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A road project in Gulfport has led to a lawsuit against the Department of Transportation for impacting wetlands


The propaganda coalition has fallen legal process in federal court Thursday against the U.S. Department of Transportation and Secretary Pete Buttigieg over a proposed road expansion in Gulfport, alleging the agency failed to carefully study the potential impact on the area’s wetlands.

Gulfport officials are proposing to widen Airport Road to ease traffic congestion in the city’s growing commercial area.

DOT approved a final environmental assessment in September, which found the project, which could cost $48.5 million, would not have a “significant impact.”

But the plaintiffs — the National Council of Negro Women (NCNW), the Education, Economic, Environment, Climate and Health Organization (EEECHO), the Sierra Club and Healthy Gulf — say the DOT violated federal regulations by failing to conduct an environmental impact statement. or an EIS, which is required for projects with a specific area.

The Federal Highway Administration under the DOT required only an environmental assessment, or EA, which has less stringent requirements than an EIS.

Opponents say the proposed road extension will worsen flooding in the area faces regular floodsspecifically the Black Turkey Creek and Forest Heights Historic Districts.

“Our roads are already flooded, our church parking lot was recently flooded with six inches of water,” Lula Dedo, president of the Gulfport chapter of the National Negro Council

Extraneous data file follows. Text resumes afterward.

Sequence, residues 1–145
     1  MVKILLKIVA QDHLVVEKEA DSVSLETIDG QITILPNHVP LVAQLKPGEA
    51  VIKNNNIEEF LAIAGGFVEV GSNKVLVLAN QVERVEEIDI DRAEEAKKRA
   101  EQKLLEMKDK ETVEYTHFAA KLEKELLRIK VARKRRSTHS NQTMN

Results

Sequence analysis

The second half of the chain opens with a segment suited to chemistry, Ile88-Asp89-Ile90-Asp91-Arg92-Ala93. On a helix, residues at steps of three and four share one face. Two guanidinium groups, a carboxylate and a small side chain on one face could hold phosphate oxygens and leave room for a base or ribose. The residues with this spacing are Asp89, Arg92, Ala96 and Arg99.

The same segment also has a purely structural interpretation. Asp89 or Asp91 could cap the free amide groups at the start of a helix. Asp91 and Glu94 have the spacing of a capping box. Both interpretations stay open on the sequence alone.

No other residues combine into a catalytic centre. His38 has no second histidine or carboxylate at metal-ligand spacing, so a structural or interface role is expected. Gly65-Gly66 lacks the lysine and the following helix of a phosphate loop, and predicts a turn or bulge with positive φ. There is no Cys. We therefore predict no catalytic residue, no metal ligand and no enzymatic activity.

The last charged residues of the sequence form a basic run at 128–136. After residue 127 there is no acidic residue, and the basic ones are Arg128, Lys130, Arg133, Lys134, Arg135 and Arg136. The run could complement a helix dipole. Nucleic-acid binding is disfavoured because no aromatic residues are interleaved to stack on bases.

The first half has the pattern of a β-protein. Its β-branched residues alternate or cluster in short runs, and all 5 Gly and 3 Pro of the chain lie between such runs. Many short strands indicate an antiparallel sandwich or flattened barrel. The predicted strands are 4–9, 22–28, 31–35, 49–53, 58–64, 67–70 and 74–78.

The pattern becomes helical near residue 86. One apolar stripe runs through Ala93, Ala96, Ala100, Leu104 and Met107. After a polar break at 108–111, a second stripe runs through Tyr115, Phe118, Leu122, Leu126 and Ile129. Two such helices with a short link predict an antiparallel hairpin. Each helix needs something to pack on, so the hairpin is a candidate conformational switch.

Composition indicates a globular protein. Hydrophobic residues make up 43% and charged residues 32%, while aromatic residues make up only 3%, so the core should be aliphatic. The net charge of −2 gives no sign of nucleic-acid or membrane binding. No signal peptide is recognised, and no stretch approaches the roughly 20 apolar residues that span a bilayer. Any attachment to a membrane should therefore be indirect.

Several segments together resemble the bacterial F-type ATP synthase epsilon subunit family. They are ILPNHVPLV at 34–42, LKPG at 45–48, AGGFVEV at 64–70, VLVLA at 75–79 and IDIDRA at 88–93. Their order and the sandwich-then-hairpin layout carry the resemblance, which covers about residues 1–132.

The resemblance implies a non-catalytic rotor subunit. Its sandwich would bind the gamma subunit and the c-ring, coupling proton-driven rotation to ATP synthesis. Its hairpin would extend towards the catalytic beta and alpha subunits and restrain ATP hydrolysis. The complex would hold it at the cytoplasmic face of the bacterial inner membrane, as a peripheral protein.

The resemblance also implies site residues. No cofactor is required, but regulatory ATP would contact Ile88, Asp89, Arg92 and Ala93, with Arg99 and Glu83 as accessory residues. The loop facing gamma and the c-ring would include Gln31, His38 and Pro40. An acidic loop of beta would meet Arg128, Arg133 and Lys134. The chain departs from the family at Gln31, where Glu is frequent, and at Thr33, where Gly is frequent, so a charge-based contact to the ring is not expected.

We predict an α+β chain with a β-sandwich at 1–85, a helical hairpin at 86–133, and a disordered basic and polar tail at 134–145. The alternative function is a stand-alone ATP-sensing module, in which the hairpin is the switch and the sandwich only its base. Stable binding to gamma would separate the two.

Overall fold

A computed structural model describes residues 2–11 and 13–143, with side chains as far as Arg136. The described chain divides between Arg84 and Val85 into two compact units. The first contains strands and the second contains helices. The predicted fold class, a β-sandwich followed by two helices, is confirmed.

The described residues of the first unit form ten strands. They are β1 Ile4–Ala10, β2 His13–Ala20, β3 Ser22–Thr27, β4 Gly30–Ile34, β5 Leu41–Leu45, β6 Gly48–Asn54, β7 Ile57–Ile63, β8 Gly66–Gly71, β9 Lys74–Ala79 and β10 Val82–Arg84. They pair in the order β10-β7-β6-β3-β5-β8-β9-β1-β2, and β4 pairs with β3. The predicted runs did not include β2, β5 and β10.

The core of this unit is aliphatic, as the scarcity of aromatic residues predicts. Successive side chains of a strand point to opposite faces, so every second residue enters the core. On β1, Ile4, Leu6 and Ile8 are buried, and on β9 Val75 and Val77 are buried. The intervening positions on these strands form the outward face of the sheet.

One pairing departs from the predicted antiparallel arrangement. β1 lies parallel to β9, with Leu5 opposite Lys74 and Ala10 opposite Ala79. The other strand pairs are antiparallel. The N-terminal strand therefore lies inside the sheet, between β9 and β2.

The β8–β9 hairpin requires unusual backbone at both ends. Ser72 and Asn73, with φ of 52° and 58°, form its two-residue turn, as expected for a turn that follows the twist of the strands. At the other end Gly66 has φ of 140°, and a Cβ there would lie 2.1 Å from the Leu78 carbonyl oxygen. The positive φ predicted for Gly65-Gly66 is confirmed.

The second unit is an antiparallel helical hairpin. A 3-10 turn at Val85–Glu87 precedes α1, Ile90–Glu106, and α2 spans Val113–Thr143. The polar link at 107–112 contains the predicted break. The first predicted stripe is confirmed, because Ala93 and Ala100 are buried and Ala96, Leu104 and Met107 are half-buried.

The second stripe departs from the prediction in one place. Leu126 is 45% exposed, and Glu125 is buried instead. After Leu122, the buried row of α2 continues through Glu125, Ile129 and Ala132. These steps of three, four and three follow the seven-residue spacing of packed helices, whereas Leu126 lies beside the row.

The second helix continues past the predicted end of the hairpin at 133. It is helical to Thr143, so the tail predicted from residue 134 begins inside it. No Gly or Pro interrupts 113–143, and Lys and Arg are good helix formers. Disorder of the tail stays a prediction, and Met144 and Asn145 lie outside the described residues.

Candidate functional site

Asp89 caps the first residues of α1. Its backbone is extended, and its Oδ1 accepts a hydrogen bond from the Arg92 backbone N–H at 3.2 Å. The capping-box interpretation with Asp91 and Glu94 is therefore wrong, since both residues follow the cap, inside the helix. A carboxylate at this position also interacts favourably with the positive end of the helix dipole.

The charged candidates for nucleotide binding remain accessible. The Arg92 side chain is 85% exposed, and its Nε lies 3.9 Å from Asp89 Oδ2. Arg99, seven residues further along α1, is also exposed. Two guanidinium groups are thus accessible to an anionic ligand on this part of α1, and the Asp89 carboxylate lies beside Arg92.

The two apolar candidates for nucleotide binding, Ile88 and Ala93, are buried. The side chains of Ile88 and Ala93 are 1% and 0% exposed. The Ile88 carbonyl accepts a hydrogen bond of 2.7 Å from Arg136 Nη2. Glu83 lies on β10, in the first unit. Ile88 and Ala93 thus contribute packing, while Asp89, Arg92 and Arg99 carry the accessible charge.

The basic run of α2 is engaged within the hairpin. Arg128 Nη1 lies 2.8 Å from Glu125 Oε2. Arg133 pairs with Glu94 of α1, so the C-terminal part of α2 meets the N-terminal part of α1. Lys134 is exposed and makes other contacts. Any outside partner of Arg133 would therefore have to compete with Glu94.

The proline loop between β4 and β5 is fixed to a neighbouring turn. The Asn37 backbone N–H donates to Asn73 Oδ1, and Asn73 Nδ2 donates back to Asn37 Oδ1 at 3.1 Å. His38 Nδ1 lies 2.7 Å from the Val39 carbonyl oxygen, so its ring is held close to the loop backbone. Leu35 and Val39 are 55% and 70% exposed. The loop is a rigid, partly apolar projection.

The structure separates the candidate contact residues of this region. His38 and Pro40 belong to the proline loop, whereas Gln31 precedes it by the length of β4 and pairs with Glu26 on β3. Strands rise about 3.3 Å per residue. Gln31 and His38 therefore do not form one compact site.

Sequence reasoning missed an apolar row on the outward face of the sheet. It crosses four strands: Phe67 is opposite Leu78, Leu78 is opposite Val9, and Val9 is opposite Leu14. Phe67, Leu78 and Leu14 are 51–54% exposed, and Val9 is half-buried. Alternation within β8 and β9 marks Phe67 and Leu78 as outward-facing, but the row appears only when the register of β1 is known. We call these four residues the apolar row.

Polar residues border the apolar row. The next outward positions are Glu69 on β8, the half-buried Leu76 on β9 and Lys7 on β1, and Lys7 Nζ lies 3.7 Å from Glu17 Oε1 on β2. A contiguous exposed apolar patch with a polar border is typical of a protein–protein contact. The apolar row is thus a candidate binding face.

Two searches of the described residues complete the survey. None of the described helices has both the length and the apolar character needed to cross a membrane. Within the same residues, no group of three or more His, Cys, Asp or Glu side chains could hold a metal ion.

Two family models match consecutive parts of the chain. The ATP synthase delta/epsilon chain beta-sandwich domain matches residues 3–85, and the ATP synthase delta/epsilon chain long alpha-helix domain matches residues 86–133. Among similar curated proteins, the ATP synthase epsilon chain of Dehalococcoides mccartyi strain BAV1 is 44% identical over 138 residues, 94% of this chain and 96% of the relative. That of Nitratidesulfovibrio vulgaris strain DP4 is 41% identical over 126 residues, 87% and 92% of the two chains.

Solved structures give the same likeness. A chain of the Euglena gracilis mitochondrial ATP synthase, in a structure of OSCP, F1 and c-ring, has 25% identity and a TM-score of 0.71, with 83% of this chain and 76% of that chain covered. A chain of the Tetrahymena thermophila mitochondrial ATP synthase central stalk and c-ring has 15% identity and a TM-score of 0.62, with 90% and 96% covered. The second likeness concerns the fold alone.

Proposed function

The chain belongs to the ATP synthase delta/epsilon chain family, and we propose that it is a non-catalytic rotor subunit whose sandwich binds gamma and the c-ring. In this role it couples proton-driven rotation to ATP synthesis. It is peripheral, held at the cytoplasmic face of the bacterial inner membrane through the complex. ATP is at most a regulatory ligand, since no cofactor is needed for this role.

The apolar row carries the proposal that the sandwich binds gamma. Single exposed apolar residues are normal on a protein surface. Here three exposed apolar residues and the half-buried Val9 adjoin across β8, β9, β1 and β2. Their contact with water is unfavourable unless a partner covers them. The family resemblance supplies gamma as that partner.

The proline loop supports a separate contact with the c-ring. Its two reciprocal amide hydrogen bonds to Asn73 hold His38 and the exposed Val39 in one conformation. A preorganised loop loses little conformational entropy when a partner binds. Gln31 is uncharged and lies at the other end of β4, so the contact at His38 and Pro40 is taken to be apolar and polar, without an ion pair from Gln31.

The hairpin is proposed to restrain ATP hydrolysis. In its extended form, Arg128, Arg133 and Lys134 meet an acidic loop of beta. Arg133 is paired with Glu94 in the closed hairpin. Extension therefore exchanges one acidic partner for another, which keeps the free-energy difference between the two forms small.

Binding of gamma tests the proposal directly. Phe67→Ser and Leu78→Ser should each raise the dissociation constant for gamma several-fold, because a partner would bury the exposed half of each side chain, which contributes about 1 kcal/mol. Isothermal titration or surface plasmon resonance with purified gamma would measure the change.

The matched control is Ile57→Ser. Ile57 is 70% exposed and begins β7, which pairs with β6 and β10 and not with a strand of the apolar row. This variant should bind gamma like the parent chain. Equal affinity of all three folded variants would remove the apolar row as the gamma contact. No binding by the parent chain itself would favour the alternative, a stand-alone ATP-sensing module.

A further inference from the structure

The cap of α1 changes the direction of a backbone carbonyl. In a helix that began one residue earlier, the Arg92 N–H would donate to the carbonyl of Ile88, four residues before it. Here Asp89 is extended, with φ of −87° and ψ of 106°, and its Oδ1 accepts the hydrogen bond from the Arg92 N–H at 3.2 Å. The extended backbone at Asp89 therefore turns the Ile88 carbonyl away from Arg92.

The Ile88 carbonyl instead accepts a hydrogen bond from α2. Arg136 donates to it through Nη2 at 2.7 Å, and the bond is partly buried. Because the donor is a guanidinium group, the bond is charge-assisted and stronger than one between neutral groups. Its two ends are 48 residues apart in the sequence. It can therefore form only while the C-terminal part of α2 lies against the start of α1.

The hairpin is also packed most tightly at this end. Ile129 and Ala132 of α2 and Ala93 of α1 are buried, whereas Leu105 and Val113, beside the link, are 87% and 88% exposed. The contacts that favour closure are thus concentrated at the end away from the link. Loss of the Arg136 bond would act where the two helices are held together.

Women, says the statement. “The EPA has designated these wetlands as water resources of national importance because they provide vital flood protection to the communities of Forest Heights, North Gulfport and Turkey Creek. The link road will only worsen the existing and dangerous flooding problems.”

The project proposal includes the construction of a “pressure pond” to provide some flood control, but the EA also states that “if development proceeds along the alignment, additional stormwater retention will be required to mitigate stormwater flows.”

In 2019, the DOT awarded the project a $20 million BUILD grant.

The Sierra Club also argued that the project would not deliver the touted benefits.

“The reality is that more than $48 million in taxpayer dollars will do nothing to improve traffic congestion,” said Louis Miller, state director of the Mississippi Sierra Club. “It is clear that the purpose of this proposal is to facilitate new commercial development to enrich politically connected private property developers at the expense of the local community.”

Mississippi Today has reached out to the DOT and the city of Gulfport for comment.

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